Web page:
Major Burundi’s aide passed around maps with marked routes, and pamphlets with detailed orders and battalion code phrases and challenges. Chadgura, standing at Gulab’s side, received their platoon’s orders. She cracked open the pamphlet and Gulab looked over her shoulder. There was a list of people and equipment associated with their particular mission. From her vantage Gulab could not read all of it.
“All units are to observe radio silence until the first objectives are secured! To that end, your initial orders and your primary organization are printed on those pamphlets. Once the situation becomes fluid, you may contact myself or Lt. Munira or Purana over the radio regarding your next move.”
There were nodding heads in the crowd, including Chadgura’s own.
“You’ve done well in your training, and right now you have the element of surprise and a technology advantage. March out to Rangda University and put down this insolent Lion. Once you get past the road blocks, keep moving! Don’t slow down. Show me your fighting spirit!” Burundi said.
He raised his fist, and in response the officers around him saluted.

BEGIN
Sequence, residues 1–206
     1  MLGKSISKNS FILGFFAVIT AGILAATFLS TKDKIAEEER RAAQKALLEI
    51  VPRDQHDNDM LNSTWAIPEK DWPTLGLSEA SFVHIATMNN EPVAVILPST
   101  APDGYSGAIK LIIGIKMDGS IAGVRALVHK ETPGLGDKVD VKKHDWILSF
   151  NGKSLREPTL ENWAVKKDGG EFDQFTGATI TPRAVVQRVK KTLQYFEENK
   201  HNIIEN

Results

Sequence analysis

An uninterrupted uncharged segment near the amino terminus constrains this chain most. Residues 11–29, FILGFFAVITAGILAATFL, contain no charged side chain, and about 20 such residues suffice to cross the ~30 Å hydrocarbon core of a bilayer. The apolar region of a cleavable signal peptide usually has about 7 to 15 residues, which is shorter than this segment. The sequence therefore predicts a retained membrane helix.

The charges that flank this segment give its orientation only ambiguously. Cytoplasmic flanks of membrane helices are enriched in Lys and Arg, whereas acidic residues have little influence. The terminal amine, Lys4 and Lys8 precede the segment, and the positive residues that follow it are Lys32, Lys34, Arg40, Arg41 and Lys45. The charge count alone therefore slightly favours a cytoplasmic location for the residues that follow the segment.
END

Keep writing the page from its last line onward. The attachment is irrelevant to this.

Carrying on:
“Let us depart, Gulab.” Chadgura said in a low voice.
She turned around, reading the pamphlet as she walked.
Gulab quietly followed. Though she had hoped that it would not come to this, she was ready to fight. She knew Chadgura was; so she had to be too.
In the training field, outside the visual range of the 8th Division’s roadblock, they arrived at a rallying area for their Company, the 2nd. There were a few hundred men and women waiting there, and several small tanks. Though this group seemed formidable out on the field, Gulab knew they would soon be splitting through the various streets, alleys and roads toward Rangda University. To keep the group clustered in their current fashion in Rangda’s urban confines would have been suicidal.
“I’ll gather up everyone else, you find these people, please.”
Chadgura ripped off a piece of the pamphlet and handed it to Gulab.
There was a diagram of a tank, and a pair of names and ranks.
“Oh, huh, we’re getting an escort? That’s new.” Gulab said.